Detective Wojciech Braszczok was one of many undercover cops infiltrating the Occupy Wall Street movement in New York, a fact that came to light after his unrelated arrest following the release of a video of him violently assaulting a motorist. Braszczok’s participation in the movement went beyond monitoring protests as he insinuated himself deep into the personal lives of Occupy members even attending birthday parties—all the while collecting “intelligence” for the NYPD. Other undercovers in the Occupy movement worked as agent provocateurs “being paid to go to these protests and put us in situations where we’d be arrested and not be able to leave” as Occupy member Marshall Garrett discovered after his 2011 arrest.

During the 2010 protests against budget cuts and tuition hikes on West Coast college campuses university police sent a spy into meetings of the University of Washington based UW Student Worker Coalition. At UC Davis the administration worked with faculty and police to form the Student Activism Team, a taskforce charged with infiltrating and surveilling Left groups on campus. Even more disturbing, a lawsuit filed last year by the Evergreen State College chapter of Students for a Democratic Society revealed further details of a surveillance ring dating back to 2009 and built around John Towery a member of the Army’s Force Protection Service who had infiltrated the Olympia, Washington student group. According to emails Towery was trying to “develop a leftist/anarchist mini-group for intel sharing and distro” with campus police and police departments in Everett, Spokane, Portland, Eugene, and Los Angeles as well as with various branches of the military.

Last week documents obtained by The Intercept revealed that undercover officers for the NYPD regularly attended Black Lives Matter events. Pictures of activists are kept on file by the department and their movements are tracked. In a statement on these revelations the Metropolitan Transit Authority which has been using its counter-terrorism task force to also spy on Black Lives Matter justified the spying by equating protesters with terrorists. And this is not just the view of local police departments, the Department of Homeland Security and the FBI’s Joint Terrorism Task Force have both been monitoring Black Lives Matter protests across the country showing the dangerous and unfounded link in the minds of police between social justice movements and terrorism.

It is notable that the problem of police infiltration is unique to Left-leaning political groups. Right wing organizations like the Tea Party, the Oath Keepers, and the Ku Klux Klan are more likely to have police as enthusiastic members than moles. Even the FBI’s oft celebrated infiltration of the Klan during the Civil Rights Movement led to more cheerleading for Klan activity than arrests of its members. While police frequently paint Left organizations as violent in order to justify the violation of people’s right to organize politically these right wing terrorist groups are regularly leftunmolested by the supposed keepers of the peace.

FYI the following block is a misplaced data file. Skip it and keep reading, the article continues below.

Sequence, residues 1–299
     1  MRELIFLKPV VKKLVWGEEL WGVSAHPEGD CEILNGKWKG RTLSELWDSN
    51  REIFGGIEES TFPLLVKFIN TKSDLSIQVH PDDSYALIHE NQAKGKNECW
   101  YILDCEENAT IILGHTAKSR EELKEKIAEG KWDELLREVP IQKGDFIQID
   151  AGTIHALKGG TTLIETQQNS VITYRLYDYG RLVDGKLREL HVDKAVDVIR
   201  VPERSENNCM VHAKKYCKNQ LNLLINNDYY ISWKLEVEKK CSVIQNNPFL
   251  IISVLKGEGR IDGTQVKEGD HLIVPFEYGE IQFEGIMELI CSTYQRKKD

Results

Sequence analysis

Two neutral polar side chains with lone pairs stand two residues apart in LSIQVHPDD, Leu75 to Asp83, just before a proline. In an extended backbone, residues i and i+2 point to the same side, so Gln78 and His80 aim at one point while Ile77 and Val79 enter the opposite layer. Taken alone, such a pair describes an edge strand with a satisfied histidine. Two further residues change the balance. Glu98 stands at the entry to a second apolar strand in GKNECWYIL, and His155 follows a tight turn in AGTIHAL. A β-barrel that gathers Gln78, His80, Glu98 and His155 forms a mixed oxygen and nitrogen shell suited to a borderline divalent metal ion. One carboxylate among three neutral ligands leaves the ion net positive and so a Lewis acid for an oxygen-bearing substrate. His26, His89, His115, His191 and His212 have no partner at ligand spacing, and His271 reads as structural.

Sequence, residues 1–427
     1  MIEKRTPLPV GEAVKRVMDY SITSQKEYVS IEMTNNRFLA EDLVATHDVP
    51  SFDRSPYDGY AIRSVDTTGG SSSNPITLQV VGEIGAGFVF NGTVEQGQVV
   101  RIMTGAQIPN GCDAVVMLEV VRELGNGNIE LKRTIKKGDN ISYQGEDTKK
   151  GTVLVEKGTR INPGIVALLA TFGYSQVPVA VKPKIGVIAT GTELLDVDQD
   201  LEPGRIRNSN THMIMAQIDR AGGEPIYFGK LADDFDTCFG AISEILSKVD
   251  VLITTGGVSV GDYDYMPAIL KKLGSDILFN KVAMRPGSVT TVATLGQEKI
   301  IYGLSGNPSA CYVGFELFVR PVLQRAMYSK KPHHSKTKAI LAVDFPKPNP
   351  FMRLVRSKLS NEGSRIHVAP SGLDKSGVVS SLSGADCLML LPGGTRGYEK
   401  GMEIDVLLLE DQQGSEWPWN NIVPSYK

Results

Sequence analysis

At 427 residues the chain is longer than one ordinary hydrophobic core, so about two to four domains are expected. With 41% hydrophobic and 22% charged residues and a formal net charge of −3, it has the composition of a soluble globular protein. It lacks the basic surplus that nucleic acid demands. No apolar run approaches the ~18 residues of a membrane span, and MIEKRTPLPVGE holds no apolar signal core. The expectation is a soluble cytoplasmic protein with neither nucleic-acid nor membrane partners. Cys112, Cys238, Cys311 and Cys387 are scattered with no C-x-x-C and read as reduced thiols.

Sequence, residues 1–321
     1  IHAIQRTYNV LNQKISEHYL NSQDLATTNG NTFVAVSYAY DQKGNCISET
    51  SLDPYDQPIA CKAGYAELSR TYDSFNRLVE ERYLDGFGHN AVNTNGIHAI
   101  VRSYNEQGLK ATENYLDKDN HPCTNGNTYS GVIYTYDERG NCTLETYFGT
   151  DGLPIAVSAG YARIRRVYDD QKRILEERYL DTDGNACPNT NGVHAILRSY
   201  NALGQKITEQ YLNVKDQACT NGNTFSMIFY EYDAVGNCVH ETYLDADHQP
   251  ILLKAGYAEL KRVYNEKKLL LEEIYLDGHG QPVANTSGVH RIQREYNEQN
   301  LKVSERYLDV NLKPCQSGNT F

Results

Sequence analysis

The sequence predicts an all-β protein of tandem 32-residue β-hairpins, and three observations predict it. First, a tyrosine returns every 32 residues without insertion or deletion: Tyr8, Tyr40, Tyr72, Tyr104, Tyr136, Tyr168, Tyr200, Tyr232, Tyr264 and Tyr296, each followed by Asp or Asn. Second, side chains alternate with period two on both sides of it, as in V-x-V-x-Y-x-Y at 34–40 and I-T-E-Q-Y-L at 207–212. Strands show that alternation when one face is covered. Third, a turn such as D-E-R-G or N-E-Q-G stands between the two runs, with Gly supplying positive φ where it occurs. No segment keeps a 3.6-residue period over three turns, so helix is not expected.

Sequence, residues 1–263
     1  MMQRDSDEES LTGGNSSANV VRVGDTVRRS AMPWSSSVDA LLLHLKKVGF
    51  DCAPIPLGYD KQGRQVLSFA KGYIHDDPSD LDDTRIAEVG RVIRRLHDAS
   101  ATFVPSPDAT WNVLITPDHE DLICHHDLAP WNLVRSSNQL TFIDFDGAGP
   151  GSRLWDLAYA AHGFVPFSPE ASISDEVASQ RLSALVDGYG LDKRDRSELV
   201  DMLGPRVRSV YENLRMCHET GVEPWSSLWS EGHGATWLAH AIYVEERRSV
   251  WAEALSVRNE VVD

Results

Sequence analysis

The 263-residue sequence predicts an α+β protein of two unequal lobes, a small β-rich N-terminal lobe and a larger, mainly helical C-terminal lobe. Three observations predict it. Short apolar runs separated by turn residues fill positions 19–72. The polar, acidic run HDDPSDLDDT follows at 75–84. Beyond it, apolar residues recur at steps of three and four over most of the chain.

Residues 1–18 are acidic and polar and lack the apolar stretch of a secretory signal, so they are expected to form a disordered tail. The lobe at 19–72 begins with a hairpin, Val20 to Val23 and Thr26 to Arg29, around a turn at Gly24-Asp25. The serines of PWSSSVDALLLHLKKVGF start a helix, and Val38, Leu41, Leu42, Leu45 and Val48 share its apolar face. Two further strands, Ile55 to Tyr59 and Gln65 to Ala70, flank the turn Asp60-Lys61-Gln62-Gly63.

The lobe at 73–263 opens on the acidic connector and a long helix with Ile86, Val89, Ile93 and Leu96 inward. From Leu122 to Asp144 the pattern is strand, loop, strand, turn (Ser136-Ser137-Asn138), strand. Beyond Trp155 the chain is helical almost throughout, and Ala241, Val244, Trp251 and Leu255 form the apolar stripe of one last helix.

There are many people who think the police exist to fight crime. The reality is that the police exist to maintain the status-quo with the rich on top and everyone else fighting for scraps. During the uprising in Ferguson last year comedian Chris Rock commented, “If poor people knew how rich rich people are, there would be riots in the streets.” The police represent the first line of defense between the rich and the rioters. Those involved in the Black Lives Matter movement—the latest challenge to the racist status-quo—learn quickly the true function of the police as they are shouted at and insulted by police in riot gear who hem in their marches, as they have their photos taken by police surveillance teams for further investigation, as they deal with the never ending stream of plain-clothes cops intimidating, monitoring, sowing seeds of distrust. Knowing the political role of the police perhaps it is time to stop hoping for reform and start imagining a world without the police.

“If I Die in Police Custody, Burn Everything Down!”

Originally posted to IT’S GOING DOWN:

Across the US, in response to the outpouring of rebellion in the wake of a tidal wave of police murders, a handful of cops have been charged, several have been fired, and a few have simply quit. Those in power, from president Obama to the local police chiefs, rush to make cosmetic changes to an ever militarizing police force. They hurry to buy police body cameras while at the same time departments spend millions on decommissioned military vehicles and weapons to suppress future rebellions.

if-i-die

They say the conversation on policing and race and America has changed, but the daily reality of American life continues to produce piles of dead bodies and millions of people incarcerated. Since Mike Brown’s murder by Ferguson police, over 1,100 people have been killed by law enforcement in the United States.

We aren’t in a crisis of policing – we’re in the middle of a war.

“That’s the Only Way Motherfuckers Like You Listen!”

At the same time, due to the ongoing rebellions in Ferguson, Baltimore, and Oakland, those in the “opposition,” from the unions, to Jackson and Sharpton, to the Nation of Islam, have all intensified their rhetoric. The commemoration for the ‘Million Man March’ is entitled, “Justice or Else!” The recent disruptions of the Presidential debates, from Sanders to Clinton to Bush all point to a growing anger at politics as usual and an acceptance of more radical action. But these protests also continue this idea that if “justice” is not served, there will be consequences. “If you don’t negotiate with us, we’ll set the rabble loose!,” say the activists and politicians in waiting.